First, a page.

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RESTRICT: LOCKING THE FRONT DOOR (Pt. 3 of “Why Don’t You Go Dox Yourself?”)

In the first step of your doxxing research, we collected a list of our online footprint, digging out the most important accounts that you want to protect and obsolete or forgotten accounts you no longer use. Because the most recent and relevant data is likely to live in the accounts you use regularly, our next step will be to review the full scope of what’s visible from these accounts and to set more intentional boundaries on what is shared. 

It’s important to note here that the goal isn’t to eliminate every trace of yourself from the internet and never go online again. That’s not realistic for the vast majority of people in our connected world (and I don’t know about you, but even if it was I wouldn’t want to!) And whether it’s planning for an individual or a giant organization, security built to an impossible standard is destined to fail. Instead, we are shifting you from default to intentional sharing, and improving visibility and control over what you do want to share. 

LOCKING THE FRONT DOOR 

Before making changes to the settings and permissions for each of these accounts, we’re going to make sure that access to the account itself is secure. You can start with your email accounts (especially any that you use as a recovery email for forgotten passwords, or use for financial, medical, or other sensitive communications). This shouldn’t take very long for each site, and involves a few straightforward steps: 

  • Set a long, unique password for each account. Weak or reused passwords are most vulnerable to attack, and as you most likely discovered during your HaveIBeenPwned search, the odds are better than not that you found your username or email in at least one previous breach.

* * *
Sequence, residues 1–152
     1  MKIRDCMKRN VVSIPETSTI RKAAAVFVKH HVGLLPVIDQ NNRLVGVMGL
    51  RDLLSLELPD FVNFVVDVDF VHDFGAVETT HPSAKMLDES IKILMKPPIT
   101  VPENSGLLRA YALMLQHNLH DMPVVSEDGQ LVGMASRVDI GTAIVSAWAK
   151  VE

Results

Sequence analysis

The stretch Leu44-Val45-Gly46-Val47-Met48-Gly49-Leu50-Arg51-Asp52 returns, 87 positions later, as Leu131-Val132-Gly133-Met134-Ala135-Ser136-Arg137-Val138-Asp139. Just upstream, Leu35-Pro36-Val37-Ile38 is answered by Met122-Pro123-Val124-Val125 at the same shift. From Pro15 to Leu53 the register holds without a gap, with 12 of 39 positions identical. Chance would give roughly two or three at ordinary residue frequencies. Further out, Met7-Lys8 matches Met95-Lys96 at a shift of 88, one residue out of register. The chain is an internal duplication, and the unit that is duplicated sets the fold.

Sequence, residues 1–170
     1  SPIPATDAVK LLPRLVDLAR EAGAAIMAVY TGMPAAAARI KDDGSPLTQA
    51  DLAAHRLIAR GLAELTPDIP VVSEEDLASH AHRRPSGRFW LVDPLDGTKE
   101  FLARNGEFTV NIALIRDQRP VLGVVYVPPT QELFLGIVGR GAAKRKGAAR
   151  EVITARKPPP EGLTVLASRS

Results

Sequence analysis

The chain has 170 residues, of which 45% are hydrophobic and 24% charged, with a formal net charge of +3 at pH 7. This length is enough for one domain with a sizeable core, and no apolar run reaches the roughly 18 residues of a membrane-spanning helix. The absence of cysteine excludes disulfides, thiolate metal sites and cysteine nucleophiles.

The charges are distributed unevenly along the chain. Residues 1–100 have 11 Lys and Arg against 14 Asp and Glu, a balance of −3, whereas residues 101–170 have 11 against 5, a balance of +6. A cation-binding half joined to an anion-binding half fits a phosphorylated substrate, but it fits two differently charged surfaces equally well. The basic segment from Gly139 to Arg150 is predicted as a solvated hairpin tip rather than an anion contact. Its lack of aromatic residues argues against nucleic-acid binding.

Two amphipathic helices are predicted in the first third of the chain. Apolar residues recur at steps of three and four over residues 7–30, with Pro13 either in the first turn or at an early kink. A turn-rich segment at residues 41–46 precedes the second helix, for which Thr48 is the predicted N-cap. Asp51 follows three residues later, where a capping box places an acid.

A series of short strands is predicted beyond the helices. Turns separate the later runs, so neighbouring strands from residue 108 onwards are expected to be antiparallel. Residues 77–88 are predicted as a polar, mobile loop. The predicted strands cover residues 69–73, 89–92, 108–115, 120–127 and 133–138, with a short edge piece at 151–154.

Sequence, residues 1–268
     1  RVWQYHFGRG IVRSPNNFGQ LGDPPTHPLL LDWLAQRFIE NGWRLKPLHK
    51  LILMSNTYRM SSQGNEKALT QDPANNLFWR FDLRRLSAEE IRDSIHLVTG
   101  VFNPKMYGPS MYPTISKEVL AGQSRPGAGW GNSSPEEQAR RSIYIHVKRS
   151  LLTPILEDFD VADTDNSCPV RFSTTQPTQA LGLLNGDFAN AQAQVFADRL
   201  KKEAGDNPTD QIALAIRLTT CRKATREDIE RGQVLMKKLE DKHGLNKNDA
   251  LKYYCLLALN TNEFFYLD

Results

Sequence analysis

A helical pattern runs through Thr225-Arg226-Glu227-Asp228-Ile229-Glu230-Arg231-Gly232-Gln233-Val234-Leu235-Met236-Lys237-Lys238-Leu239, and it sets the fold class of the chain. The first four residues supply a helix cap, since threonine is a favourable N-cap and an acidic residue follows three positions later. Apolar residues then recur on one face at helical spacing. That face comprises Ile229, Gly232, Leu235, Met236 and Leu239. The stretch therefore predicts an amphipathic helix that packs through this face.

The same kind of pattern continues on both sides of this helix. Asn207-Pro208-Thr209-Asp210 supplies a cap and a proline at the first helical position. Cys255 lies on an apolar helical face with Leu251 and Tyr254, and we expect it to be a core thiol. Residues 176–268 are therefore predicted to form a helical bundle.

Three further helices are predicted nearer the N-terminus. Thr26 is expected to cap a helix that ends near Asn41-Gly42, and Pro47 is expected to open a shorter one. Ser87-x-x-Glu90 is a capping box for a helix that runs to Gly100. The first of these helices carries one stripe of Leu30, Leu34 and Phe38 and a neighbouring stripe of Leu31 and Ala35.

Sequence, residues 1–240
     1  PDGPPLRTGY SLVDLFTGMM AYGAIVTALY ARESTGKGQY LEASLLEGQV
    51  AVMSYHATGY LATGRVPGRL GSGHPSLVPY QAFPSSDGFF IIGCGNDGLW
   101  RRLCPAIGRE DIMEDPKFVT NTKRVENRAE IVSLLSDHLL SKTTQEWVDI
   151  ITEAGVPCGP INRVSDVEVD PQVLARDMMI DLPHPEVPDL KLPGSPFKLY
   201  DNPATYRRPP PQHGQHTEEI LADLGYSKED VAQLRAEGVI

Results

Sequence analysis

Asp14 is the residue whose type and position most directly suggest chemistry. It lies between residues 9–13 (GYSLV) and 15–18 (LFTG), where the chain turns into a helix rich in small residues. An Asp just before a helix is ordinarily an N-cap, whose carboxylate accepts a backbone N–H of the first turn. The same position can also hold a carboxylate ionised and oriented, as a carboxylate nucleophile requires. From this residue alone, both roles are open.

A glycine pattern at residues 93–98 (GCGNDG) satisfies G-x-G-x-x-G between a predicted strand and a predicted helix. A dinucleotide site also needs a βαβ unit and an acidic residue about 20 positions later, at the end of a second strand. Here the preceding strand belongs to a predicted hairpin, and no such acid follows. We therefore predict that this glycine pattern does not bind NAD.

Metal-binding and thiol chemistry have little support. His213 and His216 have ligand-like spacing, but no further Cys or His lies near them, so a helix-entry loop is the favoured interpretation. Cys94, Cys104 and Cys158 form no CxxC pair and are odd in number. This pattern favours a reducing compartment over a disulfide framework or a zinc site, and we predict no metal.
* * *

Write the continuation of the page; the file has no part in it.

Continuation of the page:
The best way to prevent a breached password from exposing another account to attack is to use a unique password for for every website you visit. And while you may have heard previous advice on strong passwords (along the lines of “eight or more characters, with a mix of upper/lower case letters, numbers, and special characters”), more recent standards emphasize the importance of longer passwords. For a great explanation of why longer passwords work better than shorter, multi-character type passwords, check out this excellent XKCD strip: 

dox

A password manager will make this process much easier, as most have the ability to generate unique passwords and allow you to tailor their length and complexity.  While we’re on the topic of what makes a good password, make sure that the password to access your password manager is both long and memorable.

You don’t want to save or auto-fill that password because it acts as the “keys to the kingdom” for everything else, so I recommend following a process like the one outlined in the comic above, or another mnemonic device, to help you remember that password. Once you’ve reset the password, check for a “log out of active devices” option to make sure the new password is used.

  • Set up strong authentication using multi-factor authentication wherever it is supported. Whether short or long, a password on its own is still vulnerable to capture or compromise. One way experts have improved login security is through the use of multi-factor authentication. Multi-factor authentication is often shortened to MFA and can also be referred to as two-step authentication or 2FA.

MFA uses two or more “factors” verifying something you know, something you have, or something you are. A password is an example of “something you know”, and here are a few of the most common methods used for an additional layer of security:

  • Email/SMS passcodes: This has become a common method for verifying logins to secure services like bank accounts and health portals. You enter your username and password and are prompted to enter a short code that is sent to your email or cell number associated with the account. It’s a popular method because it requires no additional setup. However, it suffers from the same weaknesses email accounts and phone numbers do on their own: If you set up 2FA for a social media service using email passcodes on an email using only a password for access, you’re effectively back to the security of a password alone. This is better than nothing, but if one of the other factors is supported you should likely opt for it instead.